Fraknoi has been the recipient of many notable awards throughout his career. In 1994 he was awarded the American Astronomical Society's Annenberg Foundation Award -- then the highest honor in the field of astronomy education, as well as the Klumpke-Roberts Award of The Astronomical Society of the Pacific (given for a lifetime of contributions to popularizing astronomy). In 2002 he received the Carl Sagan Prize for Science Popularization. In 2007 he was named California Professor of the Year by the Carnegie Foundation for the Advancement of Teaching and the Council for Advancement and Support of Education. Additionally he was conferred the Astronomical Society of the Pacific's 2007 Richard H. Emmons award[23] and the American Institute of Physics' 2007 Andrew Gemant Award (given for a lifetime of contributions to the intersection of physics and culture).[24][4] In 2011 he was elected an Honorary Member by the Royal Astronomical Society of Canada[25] and in 2013 was conferred the Faraday Science Communicator Award.[24] Asteroid 4859 was named Asteroid Fraknoi by the International Astronomical Union "to honor his work in sharing the excitement of modern astronomy with students, teachers and the public".[9]

Personal Philosophy[edit]

Fraknoi has demonstrated, through a lifetime of work, his commitment to advancing public understanding of astronomy and science using everyday language.[22] He said in an interview after being named 2007 California Professor of the Year: "I believe that an understanding of our place in the wider universe and the methods of science are part of the birthright of everyone living on our planet... Yet, the way science is taught in this country can often discourage non-science majors from taking a life-long interest, or even a course-long interest, in science. My philosophy is to show students that science is engaging, human, and part of our cultural heritage."[26] In 2013 Fraknoi received the Faraday Science Communicator Award. Michael Faraday, for whom the award was named, was an influential 19th century scientist and a great advocate for rigorous, skeptical thinking and recognizing how easy it is for the mind to deceive itself. Fraknoi was quoted on receipt of the award, "I too try to encourage students and the public to examine claims at the fringes of science with skepticism and fact-based thinking".[27]

Personal life[edit]

Fraknoi and his wife live in San Francisco. They have one son.[3]

References[edit]

  1. ^ a b c d Ridgeway, Jane. "Astro superstar explores strange new worlds: Local prof voyages to realm of science fiction". The Los Altos Town Crier. The Los Altos Town Crier. Retrieved 18 January 2018.
  2. ^ "Andrew Fraknoi". CSI. The Committee for Skeptical Inquiry. Retrieved 5 February 2018.
  3. ^ a b c Sevrens Lyons, Julie. "Foothill College professor's rising star". The Mercury News. Bay Area News Group. Retrieved 18 January 2018.
  4. ^ a b "About Andrew Fraknoi". Astronomy. Foothill College. Retrieved 16 February 2018.
  5. ^ "Past ASP Board Presidents and Executive Directors". Astronomical Society of the Pacific. Astronomical Society of the Pacific. Retrieved 8 March 2018.
  6. ^ "Universe in the Classroom". Astronomical Society of the Pacific. Astronomical Society of the Pacific. Retrieved 18 January 2018.
  7. ^ "Mercury Magazine and the Challenges of Growth" (PDF). Astronomical Society of the Pacific. Astronomical Society of the Pacific. Retrieved 8 March 2018.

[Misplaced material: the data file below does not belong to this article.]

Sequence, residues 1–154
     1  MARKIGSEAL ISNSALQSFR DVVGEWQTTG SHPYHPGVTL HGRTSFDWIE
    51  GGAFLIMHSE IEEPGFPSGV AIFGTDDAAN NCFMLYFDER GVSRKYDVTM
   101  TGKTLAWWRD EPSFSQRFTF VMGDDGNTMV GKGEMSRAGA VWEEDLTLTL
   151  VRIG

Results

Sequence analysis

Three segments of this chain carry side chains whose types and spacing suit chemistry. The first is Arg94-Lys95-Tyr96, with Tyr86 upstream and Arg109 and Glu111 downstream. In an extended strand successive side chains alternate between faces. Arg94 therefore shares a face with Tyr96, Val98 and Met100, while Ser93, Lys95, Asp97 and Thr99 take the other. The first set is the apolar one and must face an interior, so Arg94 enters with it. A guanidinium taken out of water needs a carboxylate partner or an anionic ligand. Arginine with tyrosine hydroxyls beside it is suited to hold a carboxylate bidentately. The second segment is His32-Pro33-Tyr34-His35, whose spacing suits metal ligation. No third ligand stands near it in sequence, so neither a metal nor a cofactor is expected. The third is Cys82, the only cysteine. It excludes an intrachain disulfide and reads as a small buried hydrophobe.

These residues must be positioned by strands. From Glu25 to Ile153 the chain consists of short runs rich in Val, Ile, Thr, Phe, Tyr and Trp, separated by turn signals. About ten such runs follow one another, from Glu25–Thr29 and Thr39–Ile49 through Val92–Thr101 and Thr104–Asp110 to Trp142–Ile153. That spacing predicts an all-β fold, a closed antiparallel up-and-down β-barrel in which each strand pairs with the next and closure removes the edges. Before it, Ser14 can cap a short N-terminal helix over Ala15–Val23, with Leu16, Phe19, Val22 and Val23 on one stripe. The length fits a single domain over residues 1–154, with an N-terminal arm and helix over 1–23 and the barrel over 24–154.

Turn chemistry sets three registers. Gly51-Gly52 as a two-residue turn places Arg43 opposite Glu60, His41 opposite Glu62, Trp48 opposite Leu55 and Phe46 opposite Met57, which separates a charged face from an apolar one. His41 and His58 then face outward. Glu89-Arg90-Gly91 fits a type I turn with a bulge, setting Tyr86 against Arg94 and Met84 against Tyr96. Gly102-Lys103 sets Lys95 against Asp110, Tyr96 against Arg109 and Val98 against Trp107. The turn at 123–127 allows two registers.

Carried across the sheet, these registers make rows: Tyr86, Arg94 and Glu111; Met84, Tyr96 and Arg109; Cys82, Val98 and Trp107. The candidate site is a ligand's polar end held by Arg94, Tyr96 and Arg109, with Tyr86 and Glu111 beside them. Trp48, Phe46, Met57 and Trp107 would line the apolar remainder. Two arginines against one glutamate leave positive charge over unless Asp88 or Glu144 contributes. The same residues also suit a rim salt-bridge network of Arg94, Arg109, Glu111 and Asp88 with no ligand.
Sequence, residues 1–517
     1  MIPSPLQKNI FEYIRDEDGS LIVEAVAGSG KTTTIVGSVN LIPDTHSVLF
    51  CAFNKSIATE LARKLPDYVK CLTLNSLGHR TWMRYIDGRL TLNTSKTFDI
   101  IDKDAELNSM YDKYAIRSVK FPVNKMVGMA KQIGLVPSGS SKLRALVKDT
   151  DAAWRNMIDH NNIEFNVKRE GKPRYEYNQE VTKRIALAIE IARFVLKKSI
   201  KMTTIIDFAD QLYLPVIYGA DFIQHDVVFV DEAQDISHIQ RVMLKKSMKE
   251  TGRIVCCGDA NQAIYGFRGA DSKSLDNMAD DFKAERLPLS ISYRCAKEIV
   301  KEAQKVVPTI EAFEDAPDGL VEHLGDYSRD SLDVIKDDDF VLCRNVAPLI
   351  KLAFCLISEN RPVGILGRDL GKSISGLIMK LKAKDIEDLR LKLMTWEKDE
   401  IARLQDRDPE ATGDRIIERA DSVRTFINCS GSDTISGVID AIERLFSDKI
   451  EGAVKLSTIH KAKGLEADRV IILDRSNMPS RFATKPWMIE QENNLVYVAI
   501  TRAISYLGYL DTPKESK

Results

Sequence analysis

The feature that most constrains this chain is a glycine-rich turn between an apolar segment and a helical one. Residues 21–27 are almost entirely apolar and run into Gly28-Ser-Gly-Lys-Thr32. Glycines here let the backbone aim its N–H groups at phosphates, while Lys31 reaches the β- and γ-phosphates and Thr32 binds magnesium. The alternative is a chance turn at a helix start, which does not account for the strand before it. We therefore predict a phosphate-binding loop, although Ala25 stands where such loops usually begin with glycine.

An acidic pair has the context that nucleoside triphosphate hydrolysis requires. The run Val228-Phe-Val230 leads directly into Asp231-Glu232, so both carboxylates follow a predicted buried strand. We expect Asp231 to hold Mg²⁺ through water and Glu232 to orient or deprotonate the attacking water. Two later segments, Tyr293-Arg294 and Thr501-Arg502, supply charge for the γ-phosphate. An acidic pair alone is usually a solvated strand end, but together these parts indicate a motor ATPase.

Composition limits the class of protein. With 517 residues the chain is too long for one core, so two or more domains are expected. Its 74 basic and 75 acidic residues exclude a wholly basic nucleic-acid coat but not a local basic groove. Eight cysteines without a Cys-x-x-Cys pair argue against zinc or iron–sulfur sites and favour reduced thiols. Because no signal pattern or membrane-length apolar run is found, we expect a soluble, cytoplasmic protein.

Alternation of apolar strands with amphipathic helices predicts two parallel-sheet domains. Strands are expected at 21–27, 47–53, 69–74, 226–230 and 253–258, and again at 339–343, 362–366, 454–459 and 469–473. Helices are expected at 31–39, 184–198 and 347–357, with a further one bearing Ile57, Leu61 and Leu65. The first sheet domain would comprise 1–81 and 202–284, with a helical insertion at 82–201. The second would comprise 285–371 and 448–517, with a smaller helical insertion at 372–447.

8. ^ "Project ASTRO".
  9. ^ a b c "About Andrew Fraknoi". Foothill College. Foothill College. Retrieved 23 February 2018.
  10. ^ "Family Astro". Astronomical Society of the Pacific. Astronomical Society of the Pacific. Retrieved 8 March 2018.
  11. ^ "The Planets". Peninsula Symphony. Peninsula Symphony. Retrieved 20 May 2018.
  12. ^ a b Fraknoi, Andrew. "Science Fiction Stories with Good Astronomy & Physics: A Topical Index". Astronomical Society of the Pacific. Astronomical Society of the Pacific. Retrieved 18 January 2018.
  13. ^ "Silicon Valley Astronomy Lectures". Astronomical Society of the Pacific. Astronomical Society of the Pacific. Retrieved 6 April 2018.
  14. ^ "SVAstronomyLectures". youtube.com. Retrieved 6 April 2018.
  15. ^ a b Yao, Eric. "Andy Fraknoi". wonderfest.org. wonderfest. Retrieved 9 March 2018.
  16. ^ "Subject Index to Papers in Astronomy Education Review (2001-2013)". American Astronomical Society. American Astronomical Society. Retrieved 9 March 2018.
  17. ^ "About Us". OpenStax.org. Open Stax. Retrieved 19 February 2018.
  18. ^ "When the Sun Goes Dark". ResearchGate.net. ResearchGate.net. Retrieved 19 February 2018.
  19. ^ Douglas James D.J. Grothe (12 September 2008). "Andrew Fraknoi - Your Body's Cosmic History". Point of Inquiry (Podcast). Retrieved 9 March 2018.
  20. ^ "Solar Science: Exploring Sunspots, Seasons, Elipses, and More". ResearchGate.net. ResearchGate.net. Retrieved 19 February 2018.
  21. ^ Eric. "Andy Fraknoi". Wonderfest, the Bay Area Beacon of Science. Retrieved 18 January 2018.
  22. ^ a b "Andrew Fraknoi Expert in Astronomy". xanthuscom. Xanthus Communications. Retrieved 18 January 2018.
  23. ^ "2007 ASP Annual Award Recipients". Astronomical Society of the Pacific. Retrieved 6 February 2018.
  24. ^ a b "Andrew Fraknoi Wins 2013 Faraday Science Communicator Award". AAS.org. American Astronomical Society. Retrieved 19 February 2018.
  25. ^ "Professor Andrew Fraknoi (USA)". Royal Astronomical Society of Canada. Royal Astronomical Society of Canada. Retrieved 22 February 2018.
  26. ^ "Former ASP Executive Director Andrew Fraknoi Named 2007 California Professor of the Year". Astronomical Society of the Pacific. Astronomical Society of the Pacific. Retrieved 18 January 2018.
  27. ^ "Andrew Fraknoi Wins 2013 Faraday Science Communicator Award". American Astronomical Society. Retrieved 6 February 2018.